By Justin Wood
Eric Powell wrote this? Big Man Plans Eric Powell? The Goon Eric Powell? The review copy I received was coverless and lacked a title page, meaning it took some faint Google research to dig up the basic creator info on Dark Horse's new miniseries Chimichanga: The Sorrow of the World's Worst Face. It's a comic with a subtitle; it must have had a preceding story, and I was curious how what I had just read had managed to be some sort of sequel miniseries from Top Ten publisher Dark Horse. And there it was. Written and created by Eric Powell.
Like Cage Hero and Klaus, all you need is to see the author's name to know the kind of carte blanche behind publication. It's not to say I know the inner workings of comic book editorials, I am securely an armchair authority, but let's fucking face it, if Grant Morrison comes to you and says he wants to do a miniseries about a ripped medieval revolutionary Santa Claus, you publish that shit because you'll have the words "Grant Morrison" on the cover.
I like Eric Powell's work, but like Mike Mignola, sometimes it feels like somebody needs to tell them to choke back on the reigns a bit with the steady deluge of their original minis. They both still put out top-notch work (that Big Man Plans, son), but I want you to look me in the eye when you tell me everything both of these guys have put out recently has been equally memorable and indispensable. Reading the recent Joe Golem mini from Mike Mignola, I felt like I could feel Mignola's own boredom writing it, plugging away at a lifeless formula that once felt mysterious and archly magical just because Dark Horse wouldn't say no to it. It might seem like my attention is slipping, for some reason reviewing a completely unrelated creator during the review of another artist's work, but they both seem to share so many of the same traits. Both are Dark Horse darlings who made their names with now iconic lantern-jawed toughs who punch monsters and swear, they both are talented writers who often illustrated their own works, and both seem to publish more work each year than I have the time or patience to read. Now we have this in our lap, Chimichanga: The Sorrow of the World's Worst Face, and it reads very much like something somebody wrote who writes a lot of titles every year.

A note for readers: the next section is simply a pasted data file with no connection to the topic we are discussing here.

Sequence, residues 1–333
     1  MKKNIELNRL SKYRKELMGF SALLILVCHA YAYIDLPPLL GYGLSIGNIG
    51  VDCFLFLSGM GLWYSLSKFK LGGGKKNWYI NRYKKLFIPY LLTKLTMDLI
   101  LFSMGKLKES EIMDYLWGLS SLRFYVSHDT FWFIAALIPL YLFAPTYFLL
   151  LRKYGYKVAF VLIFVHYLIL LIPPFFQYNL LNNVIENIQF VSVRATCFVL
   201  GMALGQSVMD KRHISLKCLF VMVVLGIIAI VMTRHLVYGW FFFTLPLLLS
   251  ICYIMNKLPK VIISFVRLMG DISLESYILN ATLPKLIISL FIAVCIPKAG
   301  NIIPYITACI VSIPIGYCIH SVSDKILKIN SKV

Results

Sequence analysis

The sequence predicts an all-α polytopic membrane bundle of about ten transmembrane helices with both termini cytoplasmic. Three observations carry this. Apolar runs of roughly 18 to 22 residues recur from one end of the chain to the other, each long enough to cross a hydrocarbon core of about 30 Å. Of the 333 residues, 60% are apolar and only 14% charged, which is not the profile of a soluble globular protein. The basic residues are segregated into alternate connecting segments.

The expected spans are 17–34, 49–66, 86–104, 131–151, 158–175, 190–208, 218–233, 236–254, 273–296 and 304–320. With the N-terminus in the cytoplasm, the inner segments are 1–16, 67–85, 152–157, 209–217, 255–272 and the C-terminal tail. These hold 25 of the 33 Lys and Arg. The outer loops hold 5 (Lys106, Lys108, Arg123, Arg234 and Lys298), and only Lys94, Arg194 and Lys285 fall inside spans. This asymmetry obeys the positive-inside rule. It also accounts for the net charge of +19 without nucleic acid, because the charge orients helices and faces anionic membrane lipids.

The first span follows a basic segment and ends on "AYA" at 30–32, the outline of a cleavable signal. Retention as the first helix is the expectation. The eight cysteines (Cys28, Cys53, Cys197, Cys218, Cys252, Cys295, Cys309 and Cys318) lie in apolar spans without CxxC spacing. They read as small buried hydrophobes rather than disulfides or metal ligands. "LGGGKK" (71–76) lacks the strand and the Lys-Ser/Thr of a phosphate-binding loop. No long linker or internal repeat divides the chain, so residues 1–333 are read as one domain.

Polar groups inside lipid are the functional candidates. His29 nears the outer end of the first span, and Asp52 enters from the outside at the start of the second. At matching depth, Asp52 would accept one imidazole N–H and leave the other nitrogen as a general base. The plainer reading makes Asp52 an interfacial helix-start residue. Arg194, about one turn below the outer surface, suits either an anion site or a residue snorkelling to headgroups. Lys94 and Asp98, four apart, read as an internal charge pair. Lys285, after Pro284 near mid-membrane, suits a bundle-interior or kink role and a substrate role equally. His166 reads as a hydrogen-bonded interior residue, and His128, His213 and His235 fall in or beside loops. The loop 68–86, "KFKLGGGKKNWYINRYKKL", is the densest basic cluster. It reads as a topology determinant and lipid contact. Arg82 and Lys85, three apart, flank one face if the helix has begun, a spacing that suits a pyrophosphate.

To the uninitiated to this property (myself included), Chimichanga is an enormous troll-like monster who is the pet and playmate of a little girl who happens to be a bearded lady in a traveling freak show. A shaggy-haired drifter is chased into the freak show's camp, fleeing from the long arm of the law due to unnamed crimes and his apparently unspeakable appearance hidden under thick curtains of hair. Whimsy and what might be mistaken for drama ensues.